13th July, 2016
So appalled were the organisers of the Bath & West Society by the drunkenness, drug-taking, free love, police intervention and probably the worst crime of all – litter, they swore never to repeat the exercise.
Before you reach for a defibrillator, this was in 1970 and was not the familiar agricultural gathering but a ‘Progressive Music’ festival on the then recently acquired showground – the committee thought this novel idea would swell the coffers.
The problem was that it was absurdly successful: 150,000 raucous, rain-drenched fans found rock royalty such as Pink Floyd too much to resist, even if it was in a bucolic backwater more used to the gentle lowing of Friesians than the screeching decibels of amplified electric guitar. For one member of the crowd, it sparked an idea that was to take off beyond his wildest dreams. Nearly 50 years later, the story comes full circle as that farmer, Michael Eavis, the founder of Glastonbury, was President of the Royal Bath& West Show. He pointed out the spot where, listening to The Moody Blues, he had his epiphany – now, more than a million people are registered with the Glastonbury website.
‘This year, tickets sold out in 20 minutes,’ Mr. Eavis told us. ‘Extraordinary really.’
It sounds as if he still can’t believe the success of the festival at which anyone is anyone has played. Spare a thought for the erstwhile apoplectic Bath & West bigwigs and thank them for their gift to popular music.
Like a children’s flip book in which a giraffe head ends up with a buffalo body, Mr. Eavis maintained well-dressed country gent on his top half, with a tweed jacket and striped Society tie, but, below the waistband, it was denim shorts and sandals. With his Amish-style beard, twinkling eyes and ready laugh, he brought showman magic to England’s biggest agricultural show.
New bands he had spotted played on the acoustic stage, but this audience was demure, chomping on local sausages, cheeses and other delights from the newly reconfigured food hub. The Ambling Band popped up in different locations with their saxophones and folksy-funk style, even leading the chief stewards in a midnight conga.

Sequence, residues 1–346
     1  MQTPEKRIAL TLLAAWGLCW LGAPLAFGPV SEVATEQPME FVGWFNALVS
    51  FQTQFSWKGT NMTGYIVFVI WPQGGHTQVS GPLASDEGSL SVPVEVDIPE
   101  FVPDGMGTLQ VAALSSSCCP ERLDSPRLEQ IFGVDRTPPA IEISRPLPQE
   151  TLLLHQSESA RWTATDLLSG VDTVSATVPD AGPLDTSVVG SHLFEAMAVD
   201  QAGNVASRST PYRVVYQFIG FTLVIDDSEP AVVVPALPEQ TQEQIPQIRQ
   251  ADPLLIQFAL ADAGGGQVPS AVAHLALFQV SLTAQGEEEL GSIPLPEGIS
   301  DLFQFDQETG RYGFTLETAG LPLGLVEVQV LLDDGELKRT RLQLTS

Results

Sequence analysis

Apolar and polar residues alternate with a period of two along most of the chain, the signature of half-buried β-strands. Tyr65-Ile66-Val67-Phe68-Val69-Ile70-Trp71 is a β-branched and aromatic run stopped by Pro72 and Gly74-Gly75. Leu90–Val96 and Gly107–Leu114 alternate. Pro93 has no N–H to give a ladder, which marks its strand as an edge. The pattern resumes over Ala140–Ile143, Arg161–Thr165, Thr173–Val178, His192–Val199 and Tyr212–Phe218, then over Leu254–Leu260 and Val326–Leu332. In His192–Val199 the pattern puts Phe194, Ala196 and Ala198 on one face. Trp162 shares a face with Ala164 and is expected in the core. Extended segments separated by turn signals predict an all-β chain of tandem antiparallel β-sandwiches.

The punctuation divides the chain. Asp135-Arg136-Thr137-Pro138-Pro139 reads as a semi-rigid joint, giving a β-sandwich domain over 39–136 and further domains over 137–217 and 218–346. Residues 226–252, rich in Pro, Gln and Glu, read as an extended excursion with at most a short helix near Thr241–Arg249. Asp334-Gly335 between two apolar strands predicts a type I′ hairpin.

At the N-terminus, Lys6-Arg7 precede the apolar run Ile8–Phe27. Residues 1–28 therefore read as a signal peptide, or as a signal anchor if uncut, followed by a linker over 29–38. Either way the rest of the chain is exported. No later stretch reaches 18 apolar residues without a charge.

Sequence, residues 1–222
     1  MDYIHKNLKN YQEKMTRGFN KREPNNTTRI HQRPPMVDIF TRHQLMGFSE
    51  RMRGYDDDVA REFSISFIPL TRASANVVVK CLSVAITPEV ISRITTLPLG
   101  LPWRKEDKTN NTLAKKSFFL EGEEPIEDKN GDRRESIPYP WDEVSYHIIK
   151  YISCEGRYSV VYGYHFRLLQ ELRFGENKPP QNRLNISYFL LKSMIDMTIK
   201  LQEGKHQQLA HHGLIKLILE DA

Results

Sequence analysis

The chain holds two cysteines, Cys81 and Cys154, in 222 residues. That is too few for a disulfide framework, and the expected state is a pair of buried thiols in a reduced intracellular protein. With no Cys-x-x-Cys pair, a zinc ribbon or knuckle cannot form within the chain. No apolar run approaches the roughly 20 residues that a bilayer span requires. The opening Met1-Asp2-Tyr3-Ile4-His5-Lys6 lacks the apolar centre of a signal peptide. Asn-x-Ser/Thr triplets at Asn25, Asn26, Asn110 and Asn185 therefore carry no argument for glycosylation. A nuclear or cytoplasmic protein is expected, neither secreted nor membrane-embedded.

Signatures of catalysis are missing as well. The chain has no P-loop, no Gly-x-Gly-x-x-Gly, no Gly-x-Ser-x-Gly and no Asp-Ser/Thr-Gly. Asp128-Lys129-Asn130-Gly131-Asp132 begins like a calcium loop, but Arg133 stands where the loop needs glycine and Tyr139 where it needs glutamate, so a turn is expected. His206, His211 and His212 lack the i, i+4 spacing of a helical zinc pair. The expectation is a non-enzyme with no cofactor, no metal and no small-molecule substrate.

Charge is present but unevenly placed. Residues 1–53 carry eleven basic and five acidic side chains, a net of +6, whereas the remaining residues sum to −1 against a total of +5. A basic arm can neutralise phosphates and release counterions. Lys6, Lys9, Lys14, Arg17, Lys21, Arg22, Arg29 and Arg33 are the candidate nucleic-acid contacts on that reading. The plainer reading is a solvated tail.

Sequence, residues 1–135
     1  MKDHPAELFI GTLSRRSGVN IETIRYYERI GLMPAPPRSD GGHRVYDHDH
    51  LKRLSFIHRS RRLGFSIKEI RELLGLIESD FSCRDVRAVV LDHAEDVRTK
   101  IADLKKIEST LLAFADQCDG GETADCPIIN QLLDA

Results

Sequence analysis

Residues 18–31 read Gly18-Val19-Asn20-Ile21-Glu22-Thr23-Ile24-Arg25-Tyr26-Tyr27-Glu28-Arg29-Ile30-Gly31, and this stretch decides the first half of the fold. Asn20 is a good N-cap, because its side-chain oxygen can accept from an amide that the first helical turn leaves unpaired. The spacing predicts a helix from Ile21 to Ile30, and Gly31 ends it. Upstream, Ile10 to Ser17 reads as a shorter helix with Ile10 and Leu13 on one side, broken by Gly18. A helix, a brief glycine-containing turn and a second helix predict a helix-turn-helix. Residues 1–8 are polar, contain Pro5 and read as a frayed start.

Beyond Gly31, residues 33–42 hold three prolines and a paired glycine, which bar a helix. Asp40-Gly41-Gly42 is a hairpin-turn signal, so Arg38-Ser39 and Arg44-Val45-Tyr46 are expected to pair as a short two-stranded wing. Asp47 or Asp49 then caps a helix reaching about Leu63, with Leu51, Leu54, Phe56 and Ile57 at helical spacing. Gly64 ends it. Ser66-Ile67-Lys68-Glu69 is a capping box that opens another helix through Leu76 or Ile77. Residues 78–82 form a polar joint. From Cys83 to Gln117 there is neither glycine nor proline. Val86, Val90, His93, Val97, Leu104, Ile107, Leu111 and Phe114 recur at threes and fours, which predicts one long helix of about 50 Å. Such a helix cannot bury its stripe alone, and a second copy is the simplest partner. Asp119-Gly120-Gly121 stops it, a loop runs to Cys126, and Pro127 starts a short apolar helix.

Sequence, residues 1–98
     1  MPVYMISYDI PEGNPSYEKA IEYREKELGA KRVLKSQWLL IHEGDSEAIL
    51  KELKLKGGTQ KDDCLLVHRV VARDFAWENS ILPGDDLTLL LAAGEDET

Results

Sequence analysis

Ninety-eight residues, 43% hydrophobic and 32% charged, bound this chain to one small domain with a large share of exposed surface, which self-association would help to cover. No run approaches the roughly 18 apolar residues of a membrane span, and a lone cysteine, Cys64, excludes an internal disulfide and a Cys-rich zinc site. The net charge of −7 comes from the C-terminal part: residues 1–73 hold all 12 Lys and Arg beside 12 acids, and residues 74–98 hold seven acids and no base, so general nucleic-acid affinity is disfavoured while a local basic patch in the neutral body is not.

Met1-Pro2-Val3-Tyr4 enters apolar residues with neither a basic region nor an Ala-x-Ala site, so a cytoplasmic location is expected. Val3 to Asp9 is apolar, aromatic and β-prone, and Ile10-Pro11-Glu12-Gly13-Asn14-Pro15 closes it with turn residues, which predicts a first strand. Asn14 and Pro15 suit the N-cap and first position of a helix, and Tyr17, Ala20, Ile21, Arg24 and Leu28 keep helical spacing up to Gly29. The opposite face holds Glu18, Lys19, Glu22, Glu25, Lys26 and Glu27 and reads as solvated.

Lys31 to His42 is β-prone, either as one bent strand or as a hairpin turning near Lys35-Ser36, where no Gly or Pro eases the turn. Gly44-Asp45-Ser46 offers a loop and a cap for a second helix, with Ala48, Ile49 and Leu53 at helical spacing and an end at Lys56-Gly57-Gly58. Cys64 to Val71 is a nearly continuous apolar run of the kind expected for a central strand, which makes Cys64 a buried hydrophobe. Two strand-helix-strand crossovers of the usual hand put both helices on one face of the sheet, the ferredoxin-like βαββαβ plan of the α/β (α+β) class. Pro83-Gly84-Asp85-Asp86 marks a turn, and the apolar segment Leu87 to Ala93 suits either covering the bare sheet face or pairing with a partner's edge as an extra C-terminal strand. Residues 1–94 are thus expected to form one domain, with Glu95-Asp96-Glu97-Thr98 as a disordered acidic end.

In the art pavilion, the Lord-Lieutenants of Devon, Somerset, Dorset, and Wiltshire combined to choose their favourite painting. Elsewhere, things got more political. A senior civil servant observed that there were far more Vote Leave posters in the area than in London. Certainly, local MP Jacob Rees-Mogg was happy to pull up a straw bale to make his point and former Defra Secretary Owen Paterson was in the CLA marquee expanding on why we should leave the EU.
Taking the opposite view, the present Defra Secretary, Liz Truss, who was photo-bombed by the rear end of a pig last year, didn’t risk any interaction with cochons this time; but met with their representatives instead.
If there was a sense that the vultures were circling, it’s because they were, in the countryside arena. In fact, the circles got wider and wider: after a week on the loose, the bird finally touched down at the Royal Naval Air Station at Yeovilton.
Actor Martin Clunes, President of the British Horse Society, couldn’t wait to pat and engage with any passing animal. He adored the heavy horses, swooned at Red Ruby Devon cattle and laughed out loud at Pony Club mounted games, in which teams had to dress up as pantomime cows. When the photographer made mooing noises to interest a bovine cup winner, Mr. Clunes, who has been generously blessed in the aural department, exclaimed: ‘Surely you don’t want my ears any more forward?’
Volunteer stewards are the lifeblood of any show and new blood is vital. A young man from Cirencester’s Royal Agricultural University had been drafted to the horse stewards. When I asked him what his job had been, he replied: ‘I was the leg-up steward.’ (This means that he assists the ride judge in the showing classes.)
‘I was sacked after the first class because she kept saying “lift me on the count of one”, but, frankly, she didn’t hop in a helpful way. The next judge was more amenable and I think I’ve cracked it now. I did 65 leg-ups on the first day.’ I consoled him by revealing that I started off doing much bending and lifting, as assistant steward of litter.
I try not to be competitive about the Bath & West, but, on the final day, a former president of the Great Yorkshire Show said that he thought they had more people attending. ‘What, at your three-day show?’ I asked. At the end of the day, he admitted that he had much enjoyed our ‘fourth day’. It may be more for cattle, sheep, and cheese than for Pink Floyd, but, for the record, the attendance remains steady at about 150,000.
This article appears in its entirety in Country Life, June 15, 2016.